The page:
One of the mysteries of the English language finally explained.
Decorated with leaves or leaflike motifs.‘foliate scrolls’
- ‘Calculated tangles of foliate and linear patterns hug the edges of several of the paintings, thinning out toward the center.’
- ‘Most of Romsey's foliate heads are closer to animal than to human form: this one is very cat-like, and is the source of copious vegetation.’
- ‘At Osterley what are central fruiting grapevines in the carpet are foliate swags in the drawing.’
- ‘Each portrait is encircled with a foliate wreath and surrounded by classical rinceaux against a Byzantine style gold background.’
- ‘Set against white plaster walls, the bases and ornate foliate capitals of the columns were gilded, and their shafts were painted a ‘straw’ color.’
- ‘Many interpretations of the meaning and origin of the Green Man have been offered since Lady Raglan first applied the term to the human foliate head.’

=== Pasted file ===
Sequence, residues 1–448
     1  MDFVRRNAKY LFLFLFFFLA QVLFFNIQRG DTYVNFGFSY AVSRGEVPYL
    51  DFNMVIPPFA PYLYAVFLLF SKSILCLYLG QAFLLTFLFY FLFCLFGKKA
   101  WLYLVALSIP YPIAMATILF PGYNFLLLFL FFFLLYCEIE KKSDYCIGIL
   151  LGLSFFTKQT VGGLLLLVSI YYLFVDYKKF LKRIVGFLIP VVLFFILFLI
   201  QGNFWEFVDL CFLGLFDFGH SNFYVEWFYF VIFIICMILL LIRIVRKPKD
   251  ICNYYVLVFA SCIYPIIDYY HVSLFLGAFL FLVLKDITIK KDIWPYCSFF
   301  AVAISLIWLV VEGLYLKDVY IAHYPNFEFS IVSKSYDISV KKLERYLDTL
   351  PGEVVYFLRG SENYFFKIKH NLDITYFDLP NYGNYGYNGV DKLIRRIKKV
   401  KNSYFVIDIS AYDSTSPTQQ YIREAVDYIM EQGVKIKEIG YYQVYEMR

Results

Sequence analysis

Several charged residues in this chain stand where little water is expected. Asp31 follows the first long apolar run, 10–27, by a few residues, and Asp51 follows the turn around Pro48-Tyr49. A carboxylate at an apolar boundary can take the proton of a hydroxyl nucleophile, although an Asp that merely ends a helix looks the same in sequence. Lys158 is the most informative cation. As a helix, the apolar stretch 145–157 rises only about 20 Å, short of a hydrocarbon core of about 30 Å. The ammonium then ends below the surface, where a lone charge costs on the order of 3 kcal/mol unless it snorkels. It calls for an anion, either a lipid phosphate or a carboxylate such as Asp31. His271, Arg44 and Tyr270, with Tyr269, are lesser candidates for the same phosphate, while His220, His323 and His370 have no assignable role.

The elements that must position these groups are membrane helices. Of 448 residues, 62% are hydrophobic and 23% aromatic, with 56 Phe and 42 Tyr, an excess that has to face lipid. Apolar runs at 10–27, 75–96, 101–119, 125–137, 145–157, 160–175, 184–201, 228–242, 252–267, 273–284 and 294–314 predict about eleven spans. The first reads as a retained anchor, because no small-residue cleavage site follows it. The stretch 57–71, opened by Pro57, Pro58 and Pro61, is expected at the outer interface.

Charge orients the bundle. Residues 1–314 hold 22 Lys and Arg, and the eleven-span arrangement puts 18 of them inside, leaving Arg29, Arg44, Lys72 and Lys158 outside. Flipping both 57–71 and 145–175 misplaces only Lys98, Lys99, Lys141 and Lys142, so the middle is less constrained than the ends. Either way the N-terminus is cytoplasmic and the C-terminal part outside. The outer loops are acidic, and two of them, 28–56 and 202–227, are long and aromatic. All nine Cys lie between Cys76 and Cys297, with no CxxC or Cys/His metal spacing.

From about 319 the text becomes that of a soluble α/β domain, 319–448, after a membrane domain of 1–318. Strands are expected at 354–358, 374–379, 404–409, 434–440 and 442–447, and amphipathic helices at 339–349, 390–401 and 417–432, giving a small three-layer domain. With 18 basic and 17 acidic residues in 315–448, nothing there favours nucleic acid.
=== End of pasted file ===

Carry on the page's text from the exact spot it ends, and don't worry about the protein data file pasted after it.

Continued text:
- ‘Apart from foliate designs, Renaissance patterns diffused relatively slowly through northern Europe and Spain.’
- ‘The fluted stiles are embellished with carved foliate scrolls.’
- ‘A foliate tricephalic form can be seen at Llandaff Cathedral.’
- ‘Again, the foliate, grooved teeth do not meet diplodocomorph specs.’
- ‘The lower tier of the fountain had intertwined dolphin supports and was raised on a finely cast foliate stem.’
- ‘Somasteroids typically are foliate with ventral series of so-called virgals extending from ambulacrals to marginals.’
1Decorate with leaves or leaflike motifs.
put out leaves, bud, burst into leavesView synonyms
- ‘The Santan Mountains study site is also primarily composed of granodiorite, but the boulders are not as extensive or foliated as in the South Mountains.’
- ‘The courtyard was foliated with multiple kinds of bushes and trees.’
2Number the leaves of (a book) rather than the pages.
- ‘The newly discovered manuscript had in fact been foliated and the figures are omitted from the plates.’
- ‘The book was foliated in pencil below the text in the lower right-hand corner.’
Mid 17th century: from Latin foliatus ‘leaved’, from folium ‘leaf’.
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